In Brooks, for example, we found that because the victim taunted her husband “with a graphic description of her sexual activities with other men,” her “adulterous conduct rather than the words describing this conduct” authorized a jury charge on voluntary manslaughter. Id. We reiterated this point in Lynn v. State, finding that the victim’s statements to the defendant that she “recently had been unfaithful to him,” was having affairs with other men, and that she could not be satisfied by only one man “might properly have formed a basis for the jury to find that the killing only amounted to voluntary manslaughter.” 296 Ga. 109, 110-112, 765 S.E.2d 322 (2014).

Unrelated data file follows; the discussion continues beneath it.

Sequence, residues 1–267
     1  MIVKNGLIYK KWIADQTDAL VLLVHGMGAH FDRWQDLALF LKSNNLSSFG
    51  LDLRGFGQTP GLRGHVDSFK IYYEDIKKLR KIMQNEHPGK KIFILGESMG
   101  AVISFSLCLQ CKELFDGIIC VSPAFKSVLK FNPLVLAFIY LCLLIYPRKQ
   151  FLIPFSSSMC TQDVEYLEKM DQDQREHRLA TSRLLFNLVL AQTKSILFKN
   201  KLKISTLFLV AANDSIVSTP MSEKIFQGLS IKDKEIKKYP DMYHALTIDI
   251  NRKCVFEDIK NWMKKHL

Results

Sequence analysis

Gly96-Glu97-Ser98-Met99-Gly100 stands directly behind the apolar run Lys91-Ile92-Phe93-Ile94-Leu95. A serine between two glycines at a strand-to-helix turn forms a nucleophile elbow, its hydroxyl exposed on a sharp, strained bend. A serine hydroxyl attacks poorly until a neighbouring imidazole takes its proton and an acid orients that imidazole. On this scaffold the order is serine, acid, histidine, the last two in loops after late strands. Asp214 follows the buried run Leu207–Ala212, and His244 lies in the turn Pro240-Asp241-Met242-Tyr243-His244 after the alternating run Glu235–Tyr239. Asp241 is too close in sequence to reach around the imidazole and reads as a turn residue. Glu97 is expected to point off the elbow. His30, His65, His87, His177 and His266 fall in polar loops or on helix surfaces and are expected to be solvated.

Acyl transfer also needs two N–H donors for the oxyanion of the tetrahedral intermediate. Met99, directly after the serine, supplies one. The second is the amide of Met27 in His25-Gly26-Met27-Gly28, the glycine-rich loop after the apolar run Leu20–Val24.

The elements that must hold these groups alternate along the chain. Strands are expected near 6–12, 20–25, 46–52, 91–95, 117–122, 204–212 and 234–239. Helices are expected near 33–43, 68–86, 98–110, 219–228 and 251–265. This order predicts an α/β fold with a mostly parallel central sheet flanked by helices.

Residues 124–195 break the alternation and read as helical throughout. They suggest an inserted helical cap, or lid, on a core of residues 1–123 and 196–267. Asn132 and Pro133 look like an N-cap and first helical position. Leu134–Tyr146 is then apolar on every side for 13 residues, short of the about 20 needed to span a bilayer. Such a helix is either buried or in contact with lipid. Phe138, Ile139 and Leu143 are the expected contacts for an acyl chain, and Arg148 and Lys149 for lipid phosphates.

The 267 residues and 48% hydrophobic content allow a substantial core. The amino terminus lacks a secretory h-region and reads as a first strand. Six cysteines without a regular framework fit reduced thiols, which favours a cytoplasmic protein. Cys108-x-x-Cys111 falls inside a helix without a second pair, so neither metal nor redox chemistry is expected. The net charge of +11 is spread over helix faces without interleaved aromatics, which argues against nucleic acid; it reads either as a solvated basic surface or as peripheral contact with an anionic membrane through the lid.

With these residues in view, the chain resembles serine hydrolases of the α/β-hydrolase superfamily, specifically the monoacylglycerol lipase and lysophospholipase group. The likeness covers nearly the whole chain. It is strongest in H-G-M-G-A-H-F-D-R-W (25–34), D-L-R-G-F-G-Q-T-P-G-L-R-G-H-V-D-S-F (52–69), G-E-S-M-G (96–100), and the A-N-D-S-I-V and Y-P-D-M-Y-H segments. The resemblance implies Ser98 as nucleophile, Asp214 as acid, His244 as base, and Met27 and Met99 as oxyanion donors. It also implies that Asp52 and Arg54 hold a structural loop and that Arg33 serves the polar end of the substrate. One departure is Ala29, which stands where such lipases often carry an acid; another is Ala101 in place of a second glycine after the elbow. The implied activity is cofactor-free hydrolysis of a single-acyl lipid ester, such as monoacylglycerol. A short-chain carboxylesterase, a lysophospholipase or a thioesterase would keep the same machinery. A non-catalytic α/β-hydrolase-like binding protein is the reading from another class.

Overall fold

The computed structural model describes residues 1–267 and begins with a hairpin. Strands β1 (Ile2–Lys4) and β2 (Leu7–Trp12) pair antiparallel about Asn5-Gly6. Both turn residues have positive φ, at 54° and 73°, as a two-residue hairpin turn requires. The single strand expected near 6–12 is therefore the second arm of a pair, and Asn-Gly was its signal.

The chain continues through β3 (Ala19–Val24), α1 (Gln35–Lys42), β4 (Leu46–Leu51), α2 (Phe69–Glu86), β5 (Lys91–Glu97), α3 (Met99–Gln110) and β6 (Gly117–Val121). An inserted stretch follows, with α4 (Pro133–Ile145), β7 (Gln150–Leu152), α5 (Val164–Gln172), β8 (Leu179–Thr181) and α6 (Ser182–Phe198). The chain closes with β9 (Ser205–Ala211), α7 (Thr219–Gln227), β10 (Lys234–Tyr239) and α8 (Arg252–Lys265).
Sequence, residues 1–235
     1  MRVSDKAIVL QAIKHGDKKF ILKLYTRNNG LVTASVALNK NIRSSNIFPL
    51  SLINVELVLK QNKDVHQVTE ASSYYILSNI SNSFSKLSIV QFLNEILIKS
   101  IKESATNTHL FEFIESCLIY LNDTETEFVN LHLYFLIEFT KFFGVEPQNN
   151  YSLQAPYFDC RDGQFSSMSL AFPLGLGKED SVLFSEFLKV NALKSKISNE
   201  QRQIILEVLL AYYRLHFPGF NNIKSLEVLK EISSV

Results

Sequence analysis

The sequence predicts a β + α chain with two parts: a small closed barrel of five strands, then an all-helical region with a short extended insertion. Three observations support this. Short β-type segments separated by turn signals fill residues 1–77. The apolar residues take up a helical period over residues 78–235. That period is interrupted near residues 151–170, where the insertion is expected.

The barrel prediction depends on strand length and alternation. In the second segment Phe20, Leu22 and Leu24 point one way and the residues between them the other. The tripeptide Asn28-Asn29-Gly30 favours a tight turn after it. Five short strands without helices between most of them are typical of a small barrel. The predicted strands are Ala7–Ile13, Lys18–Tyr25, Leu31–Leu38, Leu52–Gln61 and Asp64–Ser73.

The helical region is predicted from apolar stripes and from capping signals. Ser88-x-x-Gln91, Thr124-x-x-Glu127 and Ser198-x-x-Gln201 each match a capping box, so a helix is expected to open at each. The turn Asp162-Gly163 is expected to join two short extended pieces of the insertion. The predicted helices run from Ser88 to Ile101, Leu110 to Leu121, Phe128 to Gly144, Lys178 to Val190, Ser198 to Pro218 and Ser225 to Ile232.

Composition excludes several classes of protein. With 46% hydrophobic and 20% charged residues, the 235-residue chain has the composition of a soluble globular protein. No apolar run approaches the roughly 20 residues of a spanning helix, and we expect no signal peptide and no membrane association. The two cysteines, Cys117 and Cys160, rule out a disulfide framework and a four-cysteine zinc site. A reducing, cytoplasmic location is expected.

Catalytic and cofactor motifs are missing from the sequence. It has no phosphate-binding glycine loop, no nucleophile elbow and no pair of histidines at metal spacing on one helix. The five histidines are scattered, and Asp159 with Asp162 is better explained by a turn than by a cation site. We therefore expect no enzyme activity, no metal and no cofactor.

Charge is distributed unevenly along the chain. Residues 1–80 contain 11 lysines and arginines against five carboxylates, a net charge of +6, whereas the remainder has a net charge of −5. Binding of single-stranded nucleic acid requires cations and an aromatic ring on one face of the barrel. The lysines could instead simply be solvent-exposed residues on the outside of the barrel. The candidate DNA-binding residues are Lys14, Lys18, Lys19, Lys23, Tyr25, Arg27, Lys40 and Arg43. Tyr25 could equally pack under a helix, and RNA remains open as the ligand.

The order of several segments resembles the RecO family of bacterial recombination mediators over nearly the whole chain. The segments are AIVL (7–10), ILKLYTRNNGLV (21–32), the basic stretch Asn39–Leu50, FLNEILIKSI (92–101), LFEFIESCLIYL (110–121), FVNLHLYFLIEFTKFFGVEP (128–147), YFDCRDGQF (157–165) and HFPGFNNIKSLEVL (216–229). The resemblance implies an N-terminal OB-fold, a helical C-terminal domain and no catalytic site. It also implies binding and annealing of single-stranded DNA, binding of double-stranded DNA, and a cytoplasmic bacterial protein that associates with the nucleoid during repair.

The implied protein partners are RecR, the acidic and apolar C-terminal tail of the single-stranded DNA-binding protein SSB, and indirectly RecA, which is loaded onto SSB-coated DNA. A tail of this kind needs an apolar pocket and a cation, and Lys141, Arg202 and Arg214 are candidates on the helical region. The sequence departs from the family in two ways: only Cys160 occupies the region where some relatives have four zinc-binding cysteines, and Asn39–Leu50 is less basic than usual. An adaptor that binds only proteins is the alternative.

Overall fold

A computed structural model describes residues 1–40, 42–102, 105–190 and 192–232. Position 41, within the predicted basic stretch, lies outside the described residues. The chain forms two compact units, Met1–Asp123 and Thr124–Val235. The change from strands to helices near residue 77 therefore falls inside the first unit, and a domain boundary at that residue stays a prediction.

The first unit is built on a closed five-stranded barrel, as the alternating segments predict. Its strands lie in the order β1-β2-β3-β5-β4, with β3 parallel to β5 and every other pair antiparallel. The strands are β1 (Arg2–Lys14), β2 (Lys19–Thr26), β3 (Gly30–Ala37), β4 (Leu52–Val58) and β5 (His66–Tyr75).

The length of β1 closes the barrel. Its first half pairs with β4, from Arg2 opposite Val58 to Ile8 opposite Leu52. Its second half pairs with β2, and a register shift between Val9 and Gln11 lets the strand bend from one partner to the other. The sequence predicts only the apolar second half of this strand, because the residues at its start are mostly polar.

But as those cases and other decisions of this Court have made clear, in order for the conduct communicated by such words to “amount to the sort of provocation necessary to reduce a murder to manslaughter,” Lynn, 296 Ga. at 111, 765 S.E.2d 322, they must disclose adulterous conduct or, in the case of unmarried persons, sexual relations with other persons during the course of a relationship. See, e.g., Brown v. State, 294 Ga. 677, 681, 755 S.E.2d 699 (2014); Strickland v. State, 257 Ga. 230, 231-232, 357 S.E.2d 85 (1987); Brooks, 249 Ga. at 585, 292 S.E.2d 694. Conversely, statements by a victim that she wants to end the relationship, is involved with or prefers the affections of another, or even has chosen to leave the defendant for another—but that stop short of disclosing extra-relationship sexual conduct—have never been deemed sufficiently provocative to excite sudden, violent, and irresistible passion in a reasonable person such that a voluntary manslaughter charge is required. See Brown, 294 Ga. at 680-681, 755 S.E.2d 699; Mayweather v. State, 254 Ga. 660, 661, 333 S.E.2d 597 (1985).